Site a bee hotel in your yard, on a balcony — even a rooftop. “Generally, you want it to get morning sun,” Ellis recommends. Being near native plants — species that evolved in the area, and therefore are suited for it (as the wild bees are) — also helps. Ellis has a bee hotel near some goldenrod and blue flax flowers at her home. “Even your vegetable garden is great, because the bees will help pollinate the vegetables, or your herbs,” she says. “The garden is helping the bees, and the bees are helping your garden.”
Managing a bee hotel is easy. The guests don’t need room service or fresh towels. Nor should they be dangerous to their human helpers. “Solitary bees are not aggressive,” notes Ellis. Leave them alone and they generally won’t bother you.
But keep in mind that any bee hotel is “going to require some management,” Mayes says. Pathogens are germs that can cause disease. And, she notes, “There may be opportunities for pathogens to move from one hole to another and spread.” When many bees visit one spot, they could spread germs just as people can in a crowd. To avoid that, just remove straws, stems or wood blocks from a container after all the bees have left. Then add new ones each year.
Bee hotels can bring interesting visitors. Fortel-Vitrolles and researchers at the Paris-based French National Institute for Agricultural Research set out bee hotels at 16 sites near the city of Lyon. Over two years, 21 species had visited their hotel chain. But just 87 percent of the bees belonged to just two species. They were the red mason bee, Osmia bicornis (OZ-mee-uh By-KOR-nis), and the builder bee, O. cornuta (Kor-NU-tuh).
Those bees are what scientists call “gregarious” species. Explains Fortel-Vitrolles, “They do not interact much with each other, but they live next to each other.” Think of them, she says, as strangers willing to move into a “kind of an apartment block for bees!”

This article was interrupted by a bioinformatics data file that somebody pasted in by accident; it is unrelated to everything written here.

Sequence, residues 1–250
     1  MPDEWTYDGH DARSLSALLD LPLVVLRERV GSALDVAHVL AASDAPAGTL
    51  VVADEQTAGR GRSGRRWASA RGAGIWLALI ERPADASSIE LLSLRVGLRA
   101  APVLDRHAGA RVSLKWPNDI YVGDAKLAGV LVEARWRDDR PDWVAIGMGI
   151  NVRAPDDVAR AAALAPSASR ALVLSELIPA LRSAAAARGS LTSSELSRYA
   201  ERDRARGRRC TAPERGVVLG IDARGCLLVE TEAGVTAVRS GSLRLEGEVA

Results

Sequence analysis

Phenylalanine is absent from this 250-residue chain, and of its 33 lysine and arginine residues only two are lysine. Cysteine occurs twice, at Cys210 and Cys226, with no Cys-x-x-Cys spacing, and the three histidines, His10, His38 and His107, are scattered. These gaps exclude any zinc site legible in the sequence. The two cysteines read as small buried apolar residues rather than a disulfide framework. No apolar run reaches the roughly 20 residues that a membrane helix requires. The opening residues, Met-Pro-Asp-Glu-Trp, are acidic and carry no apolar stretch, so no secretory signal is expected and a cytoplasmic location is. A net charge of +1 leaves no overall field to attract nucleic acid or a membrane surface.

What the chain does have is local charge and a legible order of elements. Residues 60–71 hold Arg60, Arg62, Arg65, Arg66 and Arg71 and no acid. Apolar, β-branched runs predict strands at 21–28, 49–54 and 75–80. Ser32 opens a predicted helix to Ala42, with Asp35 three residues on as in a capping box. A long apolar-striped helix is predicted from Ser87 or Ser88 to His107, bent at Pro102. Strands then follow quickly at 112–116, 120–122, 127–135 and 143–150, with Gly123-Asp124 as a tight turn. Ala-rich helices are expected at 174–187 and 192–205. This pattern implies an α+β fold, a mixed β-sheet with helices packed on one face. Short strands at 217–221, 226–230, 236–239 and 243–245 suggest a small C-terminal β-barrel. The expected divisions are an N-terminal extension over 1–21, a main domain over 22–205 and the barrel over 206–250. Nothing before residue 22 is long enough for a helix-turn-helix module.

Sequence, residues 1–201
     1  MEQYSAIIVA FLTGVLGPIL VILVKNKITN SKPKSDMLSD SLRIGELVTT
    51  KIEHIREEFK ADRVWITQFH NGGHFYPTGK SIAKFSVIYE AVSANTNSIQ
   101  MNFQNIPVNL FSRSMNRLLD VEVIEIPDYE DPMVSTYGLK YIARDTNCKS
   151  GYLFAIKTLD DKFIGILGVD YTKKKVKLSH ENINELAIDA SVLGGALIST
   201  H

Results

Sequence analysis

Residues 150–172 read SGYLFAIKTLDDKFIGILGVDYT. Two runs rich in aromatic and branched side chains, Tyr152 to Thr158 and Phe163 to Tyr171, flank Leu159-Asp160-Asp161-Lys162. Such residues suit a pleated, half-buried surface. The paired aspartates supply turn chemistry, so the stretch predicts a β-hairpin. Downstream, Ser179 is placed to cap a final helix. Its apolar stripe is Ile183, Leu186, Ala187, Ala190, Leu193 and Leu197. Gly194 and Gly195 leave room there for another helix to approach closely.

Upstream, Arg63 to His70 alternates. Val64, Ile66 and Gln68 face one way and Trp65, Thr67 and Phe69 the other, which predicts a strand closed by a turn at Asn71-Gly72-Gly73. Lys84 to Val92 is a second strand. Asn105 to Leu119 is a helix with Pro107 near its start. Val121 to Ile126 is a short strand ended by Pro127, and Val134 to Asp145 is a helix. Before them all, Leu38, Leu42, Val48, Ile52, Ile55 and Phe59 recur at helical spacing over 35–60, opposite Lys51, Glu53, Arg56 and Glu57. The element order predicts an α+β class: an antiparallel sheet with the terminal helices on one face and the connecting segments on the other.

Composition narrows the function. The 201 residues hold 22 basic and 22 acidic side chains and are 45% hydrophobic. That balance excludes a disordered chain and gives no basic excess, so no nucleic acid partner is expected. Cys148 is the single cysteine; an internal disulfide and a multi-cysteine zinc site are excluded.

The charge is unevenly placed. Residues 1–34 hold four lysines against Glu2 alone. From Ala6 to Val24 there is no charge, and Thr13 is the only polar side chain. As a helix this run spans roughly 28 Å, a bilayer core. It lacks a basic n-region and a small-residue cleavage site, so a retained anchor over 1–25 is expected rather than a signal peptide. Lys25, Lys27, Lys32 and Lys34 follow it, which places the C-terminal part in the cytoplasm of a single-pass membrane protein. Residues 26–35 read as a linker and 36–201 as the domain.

In this part of France, red mason and builder bees emerge from their nests earlier in the year than do many other species. “They nest everywhere they can,” Fortel-Vitrolles learned, leaving fewer nesting spots for the bees that come out later. Her group shared its findings, last year, in the Journal of Insect Conservation.
Another study showed that native bees probably won’t be the only insects at many bee hotels. MacIvor and Laurence Packer at York University, in Toronto, collected data from almost 600 bee hotels that had been set up around that Canadian city.
More than 27,000 bees and wasps checked into the hotels during a three-year period. About one-quarter were non-native bees. Native wasps made up more than a third. That’s not necessarily bad. “These are very docile wasps that exist all around us,” MacIvor explains. And the wasps are “very, very important” because they help control various pests. But their presence could surprise someone who didn’t expect them. His team published its findings two years ago in PLOS ONE.
Bee hotels also could have unintended consequences, MacIvor notes. For example, the large number of insects in one place could invite parasites or predators. And if holes aren’t deep enough, the ratio of male to female bees could change in an area. That’s because some bees lay eggs that will hatch into females if they’re deep in a nest, but males if they’re closer to the outside. If there aren’t enough females, that could be bad for pollination and for reproduction, MacIvor explains.
Not just habitat
These hotels don’t just give bees somewhere to nest. They also can help researchers learn about the behaviors of wild insects. In one study, MacIvor collected leaf bits left in vacated hotel rooms by three types of leafcutter bees. This told him what types of plants those bees preferred to use for nests. He published those findings in the March 2016 Royal Society Open Science.
Rachele Wilson is a graduate student in Australia at the University of the Sunshine Coast at Sippy Downs, Queensland. She and other scientists there have been studying what types of pollen wild bees collect. Such data point to what plants those bees rely on, Wilson explains.
For this research, her team placed 24 modified bee hotels in orchards and forests around Queensland. Each hole has a removable straw inside it. That lets Wilson or one of her colleagues sample material from one egg compartment in each hole. Then the straw goes back in the hotel, so the rest of the eggs can develop. The team recently began collecting data.